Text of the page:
13. The CAM device of claim 12, wherein said bit line control circuit is fuse-programmed to drive each CAM cell in the defective one of said plurality of main columns of CAM cells with a respective fixed data value whenever the respective CAM cell undergoes a write operation.
14. A content addressable memory (CAM) device, comprising:
a CAM array having a plurality of columns of CAM cells therein; and
a bit line control circuit that is programmed to drive a disabled column of CAM cells with a same data value whenever a row of said CAM array is written to.
15. A content addressable memory (CAM) device, comprising:
a CAM array having a plurality of main columns of CAM cells and at least one redundant column of CAM cells therein; and
a bit line control circuit that is fuse-programmed to drive each CAM cell in a unused redundant column of CAM cells with a respective fixed data value whenever the respective CAM cell is written to.
16. A content addressable memory (CAM) device, comprising:
a CAM array having an inactive redundant column of volatile CAM cells therein; and
a bit line control circuit that is electrically coupled to said CAM array and is programmed to preserve intentionally written data and/or mask values of the volatile CAM cells in the inactive redundant column across repeated power reset events.
17. The CAM device of claim 16, wherein at least one of the volatile CAM cells comprises a first data RAM cell and a second data/mask RAM cell therein that share a respective word line.
18. The CAM device of claim 17, wherein the first data RAM cell is electrically coupled to said bit line control circuit by a first pair of differential bit lines; and wherein the second data/mask RAM cell is electrically coupled to said bit line control circuit by a second pair of differential bit lines that run parallel to the first pair of differential bit lines.
19. The CAM device of claim 18, further comprising an equalization transistor having a first current carrying terminal electrically coupled to one of the first pair of differential bit lines and a second current carrying terminal electrically coupled to one of the second pair of differential bit lines.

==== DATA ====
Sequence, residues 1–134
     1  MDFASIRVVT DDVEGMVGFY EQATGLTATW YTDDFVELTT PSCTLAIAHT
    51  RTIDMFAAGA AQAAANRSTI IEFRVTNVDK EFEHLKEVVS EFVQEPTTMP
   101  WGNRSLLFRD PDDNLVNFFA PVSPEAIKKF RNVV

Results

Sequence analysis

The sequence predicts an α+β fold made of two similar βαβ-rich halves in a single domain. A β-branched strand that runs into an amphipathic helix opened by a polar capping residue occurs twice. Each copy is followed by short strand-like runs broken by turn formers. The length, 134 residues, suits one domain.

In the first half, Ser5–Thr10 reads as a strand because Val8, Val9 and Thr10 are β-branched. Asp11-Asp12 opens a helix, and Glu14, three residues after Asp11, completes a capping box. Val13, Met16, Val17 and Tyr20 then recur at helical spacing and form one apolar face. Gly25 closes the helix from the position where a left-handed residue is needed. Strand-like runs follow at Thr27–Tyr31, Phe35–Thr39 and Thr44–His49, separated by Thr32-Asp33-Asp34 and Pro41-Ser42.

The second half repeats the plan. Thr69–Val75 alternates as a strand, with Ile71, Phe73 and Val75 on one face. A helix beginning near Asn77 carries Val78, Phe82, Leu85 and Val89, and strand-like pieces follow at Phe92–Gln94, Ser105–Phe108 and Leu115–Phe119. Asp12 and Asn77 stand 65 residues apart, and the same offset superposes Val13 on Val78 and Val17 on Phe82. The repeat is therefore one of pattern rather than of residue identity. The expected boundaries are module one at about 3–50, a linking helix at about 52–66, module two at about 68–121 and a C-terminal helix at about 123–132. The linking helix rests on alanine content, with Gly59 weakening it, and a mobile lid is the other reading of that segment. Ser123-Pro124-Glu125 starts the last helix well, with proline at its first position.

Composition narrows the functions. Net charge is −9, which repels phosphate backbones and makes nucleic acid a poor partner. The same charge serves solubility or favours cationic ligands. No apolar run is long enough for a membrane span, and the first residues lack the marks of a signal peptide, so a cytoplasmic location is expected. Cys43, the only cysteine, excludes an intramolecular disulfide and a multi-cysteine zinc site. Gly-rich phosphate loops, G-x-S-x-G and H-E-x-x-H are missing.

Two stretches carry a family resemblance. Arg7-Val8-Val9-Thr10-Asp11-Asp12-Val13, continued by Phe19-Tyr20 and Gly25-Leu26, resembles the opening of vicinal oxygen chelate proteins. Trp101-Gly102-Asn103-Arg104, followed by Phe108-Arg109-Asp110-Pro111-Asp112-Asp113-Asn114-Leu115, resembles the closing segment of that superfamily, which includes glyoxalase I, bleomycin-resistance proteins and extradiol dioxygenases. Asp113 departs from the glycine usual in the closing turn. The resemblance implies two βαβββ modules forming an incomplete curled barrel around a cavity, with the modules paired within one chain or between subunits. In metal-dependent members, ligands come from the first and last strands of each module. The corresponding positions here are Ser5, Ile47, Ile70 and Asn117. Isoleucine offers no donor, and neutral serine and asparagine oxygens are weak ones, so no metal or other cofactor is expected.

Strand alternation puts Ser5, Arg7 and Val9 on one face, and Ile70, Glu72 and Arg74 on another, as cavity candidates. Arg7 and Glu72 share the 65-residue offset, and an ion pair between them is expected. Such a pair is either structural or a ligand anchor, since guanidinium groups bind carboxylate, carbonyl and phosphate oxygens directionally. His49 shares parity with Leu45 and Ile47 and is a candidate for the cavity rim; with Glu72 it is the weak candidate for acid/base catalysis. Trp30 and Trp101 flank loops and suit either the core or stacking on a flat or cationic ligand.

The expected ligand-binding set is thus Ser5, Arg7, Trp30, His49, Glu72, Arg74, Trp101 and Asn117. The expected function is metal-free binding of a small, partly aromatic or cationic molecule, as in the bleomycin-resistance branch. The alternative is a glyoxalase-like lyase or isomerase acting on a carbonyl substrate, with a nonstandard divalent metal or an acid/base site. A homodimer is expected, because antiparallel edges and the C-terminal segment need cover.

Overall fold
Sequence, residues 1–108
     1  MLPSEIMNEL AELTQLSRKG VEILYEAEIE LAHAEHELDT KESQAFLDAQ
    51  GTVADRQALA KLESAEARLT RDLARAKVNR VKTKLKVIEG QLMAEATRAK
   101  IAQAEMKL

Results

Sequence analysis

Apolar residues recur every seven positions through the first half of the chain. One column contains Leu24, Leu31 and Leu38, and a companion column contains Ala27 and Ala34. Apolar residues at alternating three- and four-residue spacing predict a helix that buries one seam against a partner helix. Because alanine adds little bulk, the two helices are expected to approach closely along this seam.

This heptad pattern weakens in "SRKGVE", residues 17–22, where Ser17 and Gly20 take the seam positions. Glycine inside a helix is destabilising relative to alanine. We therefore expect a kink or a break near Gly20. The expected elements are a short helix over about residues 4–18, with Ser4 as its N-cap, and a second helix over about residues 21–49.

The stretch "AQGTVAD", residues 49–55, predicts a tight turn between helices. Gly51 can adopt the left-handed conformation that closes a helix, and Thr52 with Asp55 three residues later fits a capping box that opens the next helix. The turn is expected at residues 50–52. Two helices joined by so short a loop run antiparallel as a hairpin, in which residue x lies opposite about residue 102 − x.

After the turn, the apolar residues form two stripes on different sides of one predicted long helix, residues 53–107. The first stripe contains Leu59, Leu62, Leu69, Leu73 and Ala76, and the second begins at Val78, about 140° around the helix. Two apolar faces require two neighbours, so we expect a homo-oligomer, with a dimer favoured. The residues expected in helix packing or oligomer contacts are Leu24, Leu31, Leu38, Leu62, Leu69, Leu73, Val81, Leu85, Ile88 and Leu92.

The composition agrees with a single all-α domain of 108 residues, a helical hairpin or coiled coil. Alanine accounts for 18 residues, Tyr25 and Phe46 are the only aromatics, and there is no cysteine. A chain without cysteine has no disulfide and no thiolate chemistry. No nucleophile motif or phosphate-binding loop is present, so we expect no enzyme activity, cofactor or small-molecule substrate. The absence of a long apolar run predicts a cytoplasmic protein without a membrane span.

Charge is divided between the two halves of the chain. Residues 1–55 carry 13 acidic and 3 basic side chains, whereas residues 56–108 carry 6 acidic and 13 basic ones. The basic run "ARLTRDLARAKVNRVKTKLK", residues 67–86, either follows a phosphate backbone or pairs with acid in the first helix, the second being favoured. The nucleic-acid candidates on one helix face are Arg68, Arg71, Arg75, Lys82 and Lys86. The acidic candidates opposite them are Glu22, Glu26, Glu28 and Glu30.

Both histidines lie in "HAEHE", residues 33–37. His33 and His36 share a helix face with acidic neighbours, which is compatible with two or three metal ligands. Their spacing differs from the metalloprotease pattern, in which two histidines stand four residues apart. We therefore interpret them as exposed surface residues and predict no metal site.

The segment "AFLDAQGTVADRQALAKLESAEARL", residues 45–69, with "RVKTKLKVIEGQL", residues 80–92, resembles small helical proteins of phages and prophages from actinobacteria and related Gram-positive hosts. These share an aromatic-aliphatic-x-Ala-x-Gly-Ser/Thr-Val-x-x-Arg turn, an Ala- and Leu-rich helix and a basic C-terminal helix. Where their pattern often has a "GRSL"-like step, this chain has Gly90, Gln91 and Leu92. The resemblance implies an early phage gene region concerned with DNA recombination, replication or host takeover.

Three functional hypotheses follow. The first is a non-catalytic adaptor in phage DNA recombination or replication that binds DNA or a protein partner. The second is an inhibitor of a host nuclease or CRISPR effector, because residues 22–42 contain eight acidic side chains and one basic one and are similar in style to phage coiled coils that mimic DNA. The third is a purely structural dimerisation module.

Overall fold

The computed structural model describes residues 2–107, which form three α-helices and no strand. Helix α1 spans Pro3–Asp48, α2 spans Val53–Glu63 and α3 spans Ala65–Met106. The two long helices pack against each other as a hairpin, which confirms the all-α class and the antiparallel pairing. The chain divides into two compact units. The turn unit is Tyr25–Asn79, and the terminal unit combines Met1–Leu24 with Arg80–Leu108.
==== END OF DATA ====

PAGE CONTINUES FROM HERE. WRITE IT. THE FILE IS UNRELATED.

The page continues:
20. A content addressable memory (CAM) device, comprising:
a CAM array having a plurality of main columns of CAM cells and at least one redundant column of CAM cells therein; and
control circuitry that is fuse-programmed to write a plurality of disabled CAM cells within a defective one of said plurality of main columns of CAM cells with a same fixed data value so that each of the plurality of disabled CAM cells can be reliably masked whenever said CAM array is searched.
21. A content addressable memory (CAM) device, comprising:
a CAM array having a plurality of main columns of CAM cells and at least one redundant column of CAM cells therein; and
a bit line control circuit electrically coupled by bit and/or data lines to said CAM array, said bit line control circuit comprising one or more programmable circuit elements therein that cause said bit line control circuit to recognize the at least one redundant column of CAM cells as a replacement for one of said plurality of main columns of CAM cells and, upon recognition, to drive each of a first plurality of CAM cells in a defective one of said plurality of main columns of CAM cells with a same fixed data value each and every time a CAM cell in the first plurality undergoes a write operation.
22. A content addressable memory (CAM) device, comprising:
a CAM array; and
a bit/data line control circuit that is programmed to replace a defective column of CAM cells in said CAM array with another column of CAM cells in said CAM array and, upon replacement, to drive the defective column of CAM cells with fixed write data during write operations so that, consistent with post-manufacture yield testing, CAM cells within the defective column are precluded from contributing to either sustained or intermittent look-up errors caused when one or more defective transistors within the defective column of CAM cells prevent successful masking of the defective column during an operation to compare valid entries in said CAM array with a search word applied to said programmable bit/data line control circuit.
23. A method of operating a content addressable memory (CAM) device having a CAM array therein and a bit/data line control circuit electrically coupled to normal and redundant columns of CAM cells in the CAM array, said method comprising the step of:
programming the bit/data line control circuit to drive a respective fixed data value into at least a first plurality of disabled cells within a defective normal column of CAM cells when rows containing these first plurality of disabled cells are written with valid entries, so that at commencement of each search operation occurring while the CAM array is at least partially full of the valid entries, each and every one of the first plurality of disabled cells being masked retains its respective fixed data value.
24. A method of operating a content addressable memory (CAM) device having a CAM array therein and a column control circuit electrically coupled to the CAM array, said method comprising the steps of:
programming the column control circuit to: (i) activate a redundant column of CAM cells within the CAM array, (ii) disable a defective column of CAM cells within the CAM array, and (iii) preserve data and/or mask values of volatile CAM cells in the defective column across repeated power reset events.